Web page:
This park and Ben Garza Park were renovated in the early 1980s with funds obtained from an Urban Park and Recreation Recovery (UPARR) rehabilitation grant.  I was the lead writer for the City of Corpus Christi's Park and Recreation Department (PARD) on the application submitted in November 1979, with the grant awarded the following month.

Below is a clipping from page 3 of the August 1982 edition of the City of Corpus Christi employee newsletter, City Quill, reporting on the progress of the projects. By this time, I was working for the city's public information office that created this newsletter, and I took the photos and wrote the caption.

Sadly, according to the article "Bridge design to take more right of way in T.C. Ayers Park" by Kristen Crowe in the April 30, 2016, Corpus Christi Caller-Times, all but about three acres of the 8.77 acre park, acquired in 1938 and named after T.C. Ayers, the first principal of the nearby African-American Solomon Coles School, will be part of the right-of-way for the new Harbor Bridge.

The recreation center, according to Section 5, page 4 of the Final Environmental Impact Statement (EIS) for the Harbor Bridge replacement project, "was closed by the City of Corpus Christi in 2007 due to underutilization. The recreation center activities continue to be provided at an alternate facility, the Solomon Coles Recreation Center [the former school]..., six blocks to the east in the same neighborhood."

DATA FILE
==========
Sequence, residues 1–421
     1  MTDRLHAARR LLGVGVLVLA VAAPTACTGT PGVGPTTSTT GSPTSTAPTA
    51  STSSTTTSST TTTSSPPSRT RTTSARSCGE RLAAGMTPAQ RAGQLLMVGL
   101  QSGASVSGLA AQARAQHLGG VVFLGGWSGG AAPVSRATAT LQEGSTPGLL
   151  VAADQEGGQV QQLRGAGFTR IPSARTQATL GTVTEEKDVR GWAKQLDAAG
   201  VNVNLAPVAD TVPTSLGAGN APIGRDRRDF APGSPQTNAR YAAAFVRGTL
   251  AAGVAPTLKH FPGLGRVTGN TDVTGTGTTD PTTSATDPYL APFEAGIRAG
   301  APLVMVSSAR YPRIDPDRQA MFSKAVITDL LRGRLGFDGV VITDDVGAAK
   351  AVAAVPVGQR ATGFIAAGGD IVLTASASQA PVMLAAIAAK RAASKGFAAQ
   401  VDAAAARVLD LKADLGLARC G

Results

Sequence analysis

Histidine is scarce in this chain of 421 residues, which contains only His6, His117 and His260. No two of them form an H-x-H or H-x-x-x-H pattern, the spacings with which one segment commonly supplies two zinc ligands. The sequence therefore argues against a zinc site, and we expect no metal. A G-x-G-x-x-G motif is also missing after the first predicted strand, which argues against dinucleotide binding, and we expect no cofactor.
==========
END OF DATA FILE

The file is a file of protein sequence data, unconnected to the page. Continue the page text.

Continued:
Above:  View of  circa-1950 T. C. Ayers Recreation Center, facing northwest, from TxDoT Historic Resources Survey Report, about December 2012.  The covered basketball pavilion, still in use, can be seen to the right

Below:  EIS Illustration 5.2-2. T.C. Ayers Park playground equipment, about November 2014, with the covered basketball pavilion in the background.

The EIS goes on to say that the nearby swimming pool (not part of the UPARR project), as of November 2014, "is currently operated by the free of charge to the general public for about 12 weeks between June and August."  The pool is likely still maintained by the city and appeared to be in excellent condition during our visits in June and July, 2016.